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Robotic Mapping Pulls a Model Building, Tron-Like, Into the Virtual

MPS – Building Presentation from White Kanga on Vimeo. A model building rotates, light spilling over it. A virtualized sun creates shadows and accelerated days. And then, halfway through, the building still gliding in circles, it’s as though you can see through the building to wireframes beneath. The latest illusions from the White Kanga crew aren’t simply mapping as a novel way of making projection look three-dimensional. They appear to alter the reality around the object itself, playing with our perception’s ability to see animation as something fluid and real. Or, to put it another way: moving the subject, not …

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FRACT, 3D Adventure Game Played with Synths and Sequencers: Myst Meets Music Making

FRACT is a curious combination of music studio and puzzle game, merging elements of games like Myst with the sorts of synths and pattern editors you’d expect somewhere like Ableton Live. You have to make sounds and melodies to solve puzzles; by the end of the game, say the creators, you’re even producing original music. The work of a small student team out of Montreal, FRACT looks like it has all the makings of an underground indie hit – at least for music nerds. As the creators describe it: FRACT is a first person adventure game for Windows & Mac …

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In Sand and Pixels, Playing with Worlds Virtual and Tangible; Built with Kinect

We’ve seen fairly impressive work involving people waving their arms around at cameras, but at the end of the day, you still have people … waving their arms around at cameras. In a refreshingly different take, the world of the game Mimicry is the “ultimate sandbox game” – set in a literal sandbox. Participants manipulate piles of real sand, as Kinect-powered cameras track their work and project imagery onto the sand from a rendered analog version of the same world. The player mimics the virtual, the virtual mimics the player, and the stuff of each fuse in a real/virtual hybrid …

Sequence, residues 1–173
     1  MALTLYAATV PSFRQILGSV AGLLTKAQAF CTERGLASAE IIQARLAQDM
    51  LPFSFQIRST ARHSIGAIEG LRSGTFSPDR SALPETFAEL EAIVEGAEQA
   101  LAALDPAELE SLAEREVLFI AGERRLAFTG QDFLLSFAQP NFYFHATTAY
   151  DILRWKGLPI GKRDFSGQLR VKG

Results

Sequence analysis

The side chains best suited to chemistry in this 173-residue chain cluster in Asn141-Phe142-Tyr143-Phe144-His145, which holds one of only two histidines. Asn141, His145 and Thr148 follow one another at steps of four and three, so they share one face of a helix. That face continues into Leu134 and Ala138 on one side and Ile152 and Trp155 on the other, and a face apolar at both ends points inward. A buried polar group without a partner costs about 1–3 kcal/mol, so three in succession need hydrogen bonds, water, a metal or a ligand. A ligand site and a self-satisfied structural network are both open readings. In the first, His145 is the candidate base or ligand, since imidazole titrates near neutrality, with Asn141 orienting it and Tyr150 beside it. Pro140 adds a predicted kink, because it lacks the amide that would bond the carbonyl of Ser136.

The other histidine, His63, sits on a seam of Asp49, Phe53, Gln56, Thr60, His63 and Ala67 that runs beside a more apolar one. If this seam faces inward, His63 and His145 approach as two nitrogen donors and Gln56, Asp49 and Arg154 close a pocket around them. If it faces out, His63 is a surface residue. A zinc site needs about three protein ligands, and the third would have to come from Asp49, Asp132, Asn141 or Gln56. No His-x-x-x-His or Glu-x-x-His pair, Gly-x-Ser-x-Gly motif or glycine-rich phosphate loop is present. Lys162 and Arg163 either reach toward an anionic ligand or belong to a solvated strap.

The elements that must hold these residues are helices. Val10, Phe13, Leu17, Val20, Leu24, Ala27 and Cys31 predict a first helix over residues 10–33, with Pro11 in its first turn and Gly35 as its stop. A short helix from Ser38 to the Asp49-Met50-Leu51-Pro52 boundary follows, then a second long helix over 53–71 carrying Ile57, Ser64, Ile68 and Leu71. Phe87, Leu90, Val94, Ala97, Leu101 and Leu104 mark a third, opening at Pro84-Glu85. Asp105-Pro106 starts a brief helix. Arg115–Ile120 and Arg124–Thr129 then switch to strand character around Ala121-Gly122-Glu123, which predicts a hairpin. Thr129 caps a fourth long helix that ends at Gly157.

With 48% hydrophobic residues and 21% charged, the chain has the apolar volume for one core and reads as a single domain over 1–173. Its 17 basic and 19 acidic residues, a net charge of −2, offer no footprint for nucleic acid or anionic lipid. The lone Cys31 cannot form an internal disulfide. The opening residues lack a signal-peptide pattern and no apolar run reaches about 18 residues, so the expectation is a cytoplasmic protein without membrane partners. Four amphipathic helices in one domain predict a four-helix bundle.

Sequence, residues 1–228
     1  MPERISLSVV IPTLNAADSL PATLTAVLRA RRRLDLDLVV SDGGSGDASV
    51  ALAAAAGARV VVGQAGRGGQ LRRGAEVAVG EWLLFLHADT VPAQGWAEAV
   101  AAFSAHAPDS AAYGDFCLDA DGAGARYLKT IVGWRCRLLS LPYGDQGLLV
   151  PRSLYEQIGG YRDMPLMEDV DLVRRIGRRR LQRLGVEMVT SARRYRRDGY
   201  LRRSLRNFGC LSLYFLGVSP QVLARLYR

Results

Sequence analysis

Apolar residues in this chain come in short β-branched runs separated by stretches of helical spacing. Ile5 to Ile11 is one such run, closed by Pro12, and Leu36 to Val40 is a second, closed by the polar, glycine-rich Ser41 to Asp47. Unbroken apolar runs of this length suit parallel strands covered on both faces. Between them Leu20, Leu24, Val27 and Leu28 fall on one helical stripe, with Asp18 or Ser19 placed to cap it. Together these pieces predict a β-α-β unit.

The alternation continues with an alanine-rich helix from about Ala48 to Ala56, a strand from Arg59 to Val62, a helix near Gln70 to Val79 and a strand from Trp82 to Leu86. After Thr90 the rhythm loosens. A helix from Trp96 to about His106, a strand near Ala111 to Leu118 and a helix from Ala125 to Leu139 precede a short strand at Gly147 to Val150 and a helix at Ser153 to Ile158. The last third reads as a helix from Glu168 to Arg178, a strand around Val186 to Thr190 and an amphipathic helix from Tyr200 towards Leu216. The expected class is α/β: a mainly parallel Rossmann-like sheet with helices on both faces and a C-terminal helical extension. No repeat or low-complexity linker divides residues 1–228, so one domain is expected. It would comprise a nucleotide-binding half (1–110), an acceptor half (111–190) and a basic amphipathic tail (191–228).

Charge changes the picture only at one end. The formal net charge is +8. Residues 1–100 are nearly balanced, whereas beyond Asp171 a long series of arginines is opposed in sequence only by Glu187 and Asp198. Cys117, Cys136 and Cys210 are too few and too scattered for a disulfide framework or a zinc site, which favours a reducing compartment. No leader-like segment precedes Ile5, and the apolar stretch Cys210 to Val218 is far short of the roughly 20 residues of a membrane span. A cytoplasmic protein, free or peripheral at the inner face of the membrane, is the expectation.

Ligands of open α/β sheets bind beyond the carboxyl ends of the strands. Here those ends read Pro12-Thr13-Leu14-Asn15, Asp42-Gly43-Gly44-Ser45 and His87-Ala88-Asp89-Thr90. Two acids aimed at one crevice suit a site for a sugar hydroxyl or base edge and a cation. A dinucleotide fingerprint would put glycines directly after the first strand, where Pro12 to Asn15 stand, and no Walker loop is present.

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iPhone as Serious Instrument: New Synthable iSyn, Strummable Star Guitar

The iPhone and iPod touch are getting more in the way of playable software instruments that could ease its transformation into a handheld idea-capturing gadget. noise.io lays claim to being the first full-featured soft synth on the platform, with unusual FM synthesis control – and I still like the fact that it isn’t anything like most soft synths on your PC. And of course there have been beat machines like the surprisingly capable Intua BeatMaker drum machine/suite. On mobile platforms, though, the more the merrier – especially given the bargain-basement prices. So I’m pleased to see the likes of noise.io …

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Virtual Reality: 2 Wii's, 3D Glasses, XNA, and Some LEDs

What if virtual reality and seamless three-dimensional interfaces arrived, and they turned out to be a lot simpler technologically than you imagined? Well, perhaps you know a technology is within reach when it can not only be implemented, but implemented in a way that’s elegant and lightweight. The latest in the ongoing YouTube-able head-tracking and 3D-manipulation videos is this creation by Timo Fleisch at the Center of Technology and Art Berlin. He has lots of resources on XNA programming, as well; thanks to a C# library, XNA and Wii mix nicely on the PC. (Less so on the Xbox 360 …